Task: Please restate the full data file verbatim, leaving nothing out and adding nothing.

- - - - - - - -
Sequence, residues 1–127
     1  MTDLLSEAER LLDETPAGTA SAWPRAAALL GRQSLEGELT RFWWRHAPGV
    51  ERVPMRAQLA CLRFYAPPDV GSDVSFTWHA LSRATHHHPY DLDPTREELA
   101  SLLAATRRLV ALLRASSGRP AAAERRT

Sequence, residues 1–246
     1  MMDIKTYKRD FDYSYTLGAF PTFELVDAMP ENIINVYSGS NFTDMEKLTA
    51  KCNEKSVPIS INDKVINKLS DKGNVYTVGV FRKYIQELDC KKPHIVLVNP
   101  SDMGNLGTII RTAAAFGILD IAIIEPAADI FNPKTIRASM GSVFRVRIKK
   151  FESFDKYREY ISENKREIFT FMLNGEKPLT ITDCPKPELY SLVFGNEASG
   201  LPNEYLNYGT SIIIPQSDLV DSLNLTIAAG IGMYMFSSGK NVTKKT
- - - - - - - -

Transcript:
Sequence, residues 1–127
     1  MTDLLSEAER LLDETPAGTA SAWPRAAALL GRQSLEGELT RFWWRHAPGV
    51  ERVPMRAQLA CLRFYAPPDV GSDVSFTWHA LSRATHHHPY DLDPTREELA
   101  SLLAATRRLV ALLRASSGRP AAAERRT

Sequence, residues 1–246
     1  MMDIKTYKRD FDYSYTLGAF PTFELVDAMP ENIINVYSGS NFTDMEKLTA
    51  KCNEKSVPIS INDKVINKLS DKGNVYTVGV FRKYIQELDC KKPHIVLVNP
   101  SDMGNLGTII RTAAAFGILD IAIIEPAADI FNPKTIRASM GSVFRVRIKK
   151  FESFDKYREY ISENKREIFT FMLNGEKPLT ITDCPKPELY SLVFGNEASG
   201  LPNEYLNYGT SIIIPQSDLV DSLNLTIAAG IGMYMFSSGK NVTKKT